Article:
JERUSALEM – There’s a war raging in Israel with life and death consequences worldwide.
This war does not involve tanks, drones or tunnels, and the enemy is not Iran, Hamas or Hezbollah.
Rather the war is being waged in science labs and the battlefield is the human body. The enemy: cancer.
Israeli scientists are experimenting with a new weapon in this war: immunotherapy, which manipulates one’s immune system to identify, fight and destroy cancer cells.
While immunotherapy has been around for decades, new advances in the field coupled with recent drug approvals from the U.S. Food & Drug Administration have intensified interest in immunotherapy and its applications for cancer treatment, especially late-stage cancers that resist conventional treatments. Immunotherapy drugs already are helping patients with melanoma, lung, stomach, liver and bladder cancers, as well as some blood cancers.
“Recent developments in immunotherapy have ushered in a medical revolution, representing a real paradigm shift in cancer treatment,” said Dr. Mark Israel, national executive director of the Israel Cancer Research Fund, which funds cancer research in the Jewish state.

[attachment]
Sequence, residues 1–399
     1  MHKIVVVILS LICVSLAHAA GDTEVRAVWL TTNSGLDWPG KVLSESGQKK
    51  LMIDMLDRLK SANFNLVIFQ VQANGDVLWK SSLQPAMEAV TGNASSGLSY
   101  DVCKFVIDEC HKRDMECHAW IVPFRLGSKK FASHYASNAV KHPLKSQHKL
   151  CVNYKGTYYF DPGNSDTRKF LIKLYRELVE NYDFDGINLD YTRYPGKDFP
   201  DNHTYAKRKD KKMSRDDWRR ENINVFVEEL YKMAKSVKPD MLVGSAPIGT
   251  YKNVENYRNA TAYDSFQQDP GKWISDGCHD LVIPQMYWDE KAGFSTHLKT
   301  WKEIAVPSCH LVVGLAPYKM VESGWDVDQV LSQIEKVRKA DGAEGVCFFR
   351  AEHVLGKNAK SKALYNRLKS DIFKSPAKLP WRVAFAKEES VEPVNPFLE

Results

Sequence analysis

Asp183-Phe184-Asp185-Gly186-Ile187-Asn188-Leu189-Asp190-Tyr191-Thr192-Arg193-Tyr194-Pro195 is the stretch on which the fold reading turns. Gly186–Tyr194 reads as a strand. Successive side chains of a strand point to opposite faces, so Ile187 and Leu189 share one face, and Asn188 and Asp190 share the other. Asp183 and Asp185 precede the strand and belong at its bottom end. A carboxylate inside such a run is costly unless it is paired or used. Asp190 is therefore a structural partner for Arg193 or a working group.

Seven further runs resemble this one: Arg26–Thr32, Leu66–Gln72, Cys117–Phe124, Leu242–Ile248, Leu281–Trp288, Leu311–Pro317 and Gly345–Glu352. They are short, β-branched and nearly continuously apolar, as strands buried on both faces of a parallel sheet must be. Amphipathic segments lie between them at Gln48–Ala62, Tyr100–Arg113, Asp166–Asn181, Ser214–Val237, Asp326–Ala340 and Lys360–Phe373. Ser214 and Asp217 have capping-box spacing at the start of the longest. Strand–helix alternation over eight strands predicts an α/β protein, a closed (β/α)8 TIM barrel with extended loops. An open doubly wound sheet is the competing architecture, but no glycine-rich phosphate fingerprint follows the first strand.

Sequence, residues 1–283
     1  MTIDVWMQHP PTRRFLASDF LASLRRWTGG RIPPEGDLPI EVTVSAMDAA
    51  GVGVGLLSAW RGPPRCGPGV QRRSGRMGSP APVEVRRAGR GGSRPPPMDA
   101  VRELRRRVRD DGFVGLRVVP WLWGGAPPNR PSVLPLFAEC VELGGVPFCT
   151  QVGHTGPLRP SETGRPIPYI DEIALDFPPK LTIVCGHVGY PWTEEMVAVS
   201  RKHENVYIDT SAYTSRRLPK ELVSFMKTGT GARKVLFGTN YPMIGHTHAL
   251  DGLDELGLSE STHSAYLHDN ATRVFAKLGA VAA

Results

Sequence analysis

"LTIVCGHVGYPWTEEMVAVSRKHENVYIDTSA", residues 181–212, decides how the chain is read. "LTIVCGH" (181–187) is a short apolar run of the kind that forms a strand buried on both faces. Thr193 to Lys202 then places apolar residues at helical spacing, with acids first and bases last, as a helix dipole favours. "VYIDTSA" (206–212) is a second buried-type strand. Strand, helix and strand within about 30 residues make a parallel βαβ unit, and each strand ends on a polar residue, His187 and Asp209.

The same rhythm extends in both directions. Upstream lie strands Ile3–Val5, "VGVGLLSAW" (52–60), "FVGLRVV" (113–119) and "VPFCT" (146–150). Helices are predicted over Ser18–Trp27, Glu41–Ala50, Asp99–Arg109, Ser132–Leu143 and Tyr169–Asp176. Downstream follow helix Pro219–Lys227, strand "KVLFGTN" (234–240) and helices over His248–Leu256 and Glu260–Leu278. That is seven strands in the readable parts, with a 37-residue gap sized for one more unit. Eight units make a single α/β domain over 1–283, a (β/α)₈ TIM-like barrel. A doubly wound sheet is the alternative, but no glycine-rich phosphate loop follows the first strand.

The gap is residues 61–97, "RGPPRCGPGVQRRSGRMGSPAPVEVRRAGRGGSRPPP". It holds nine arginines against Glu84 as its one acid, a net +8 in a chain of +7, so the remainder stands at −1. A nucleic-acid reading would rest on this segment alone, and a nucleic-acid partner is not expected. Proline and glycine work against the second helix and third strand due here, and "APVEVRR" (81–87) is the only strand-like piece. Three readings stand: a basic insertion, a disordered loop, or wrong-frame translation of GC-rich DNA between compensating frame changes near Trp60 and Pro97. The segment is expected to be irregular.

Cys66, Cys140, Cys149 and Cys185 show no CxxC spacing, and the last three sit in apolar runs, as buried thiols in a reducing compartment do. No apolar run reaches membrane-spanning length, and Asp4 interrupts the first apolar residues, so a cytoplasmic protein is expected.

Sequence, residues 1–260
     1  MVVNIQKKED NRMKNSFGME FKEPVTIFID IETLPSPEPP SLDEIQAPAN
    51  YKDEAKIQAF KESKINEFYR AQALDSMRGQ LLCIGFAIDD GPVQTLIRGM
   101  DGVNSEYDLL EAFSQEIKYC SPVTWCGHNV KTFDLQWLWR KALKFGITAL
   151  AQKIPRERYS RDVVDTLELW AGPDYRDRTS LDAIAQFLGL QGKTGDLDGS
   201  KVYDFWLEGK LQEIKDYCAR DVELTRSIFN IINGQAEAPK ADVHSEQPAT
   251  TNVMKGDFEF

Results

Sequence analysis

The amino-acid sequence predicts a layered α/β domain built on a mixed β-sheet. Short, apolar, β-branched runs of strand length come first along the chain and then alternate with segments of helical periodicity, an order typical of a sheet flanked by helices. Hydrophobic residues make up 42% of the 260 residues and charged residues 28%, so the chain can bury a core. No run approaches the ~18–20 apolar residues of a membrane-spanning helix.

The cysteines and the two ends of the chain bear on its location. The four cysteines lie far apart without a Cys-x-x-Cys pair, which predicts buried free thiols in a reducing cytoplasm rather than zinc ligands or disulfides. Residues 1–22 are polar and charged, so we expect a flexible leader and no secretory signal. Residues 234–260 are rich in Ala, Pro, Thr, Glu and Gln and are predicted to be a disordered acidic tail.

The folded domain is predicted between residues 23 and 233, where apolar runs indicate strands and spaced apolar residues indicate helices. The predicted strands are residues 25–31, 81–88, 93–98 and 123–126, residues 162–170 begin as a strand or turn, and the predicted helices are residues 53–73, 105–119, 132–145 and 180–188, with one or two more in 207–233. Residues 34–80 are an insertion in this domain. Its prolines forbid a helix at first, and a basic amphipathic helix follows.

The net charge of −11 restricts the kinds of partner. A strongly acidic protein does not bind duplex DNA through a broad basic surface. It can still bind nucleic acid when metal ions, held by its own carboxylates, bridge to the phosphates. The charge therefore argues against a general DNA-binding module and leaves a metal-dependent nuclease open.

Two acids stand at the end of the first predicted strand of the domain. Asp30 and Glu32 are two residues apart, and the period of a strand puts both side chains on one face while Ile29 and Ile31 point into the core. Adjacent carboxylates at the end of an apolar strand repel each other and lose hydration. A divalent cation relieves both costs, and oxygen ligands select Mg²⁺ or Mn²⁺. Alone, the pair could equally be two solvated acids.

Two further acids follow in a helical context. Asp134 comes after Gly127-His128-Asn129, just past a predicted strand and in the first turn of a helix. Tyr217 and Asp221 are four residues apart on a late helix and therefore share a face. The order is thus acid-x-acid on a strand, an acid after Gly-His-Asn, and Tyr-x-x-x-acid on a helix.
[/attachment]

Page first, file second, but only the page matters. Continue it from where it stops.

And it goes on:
“Cancer immunotherapy is exciting because, as opposed to other forms of therapy, it engages the body’s own highly sensitive system for detecting cancer cells and destroying them,” Israel said. “This area will have a major impact on cancer outcomes going forward.”
That potential is partly what drew Dr. Nathan Karin, an Israeli immunologist at the Technion-Israel Institute of Technology, to immunotherapy research. He’s studying whether the cellular mechanisms driving autoimmune diseases like Type 1 diabetes and multiple sclerosis can be utilized to create immunotherapy drugs to fight cancer.
Karin and his team are researching the interplay between two types of cells vital to the immune system: regulatory T cells and effector T cells. Regulatory T cells help tame immune system responses and prevent autoimmune diseases. But by suppressing effector T cells, they impede the immune system’s ability to fight cancer.
“We believe that if you amplify regulatory T cells you can treat autoimmune disease, and if you block their activity you can thwart cancer,” Karin said.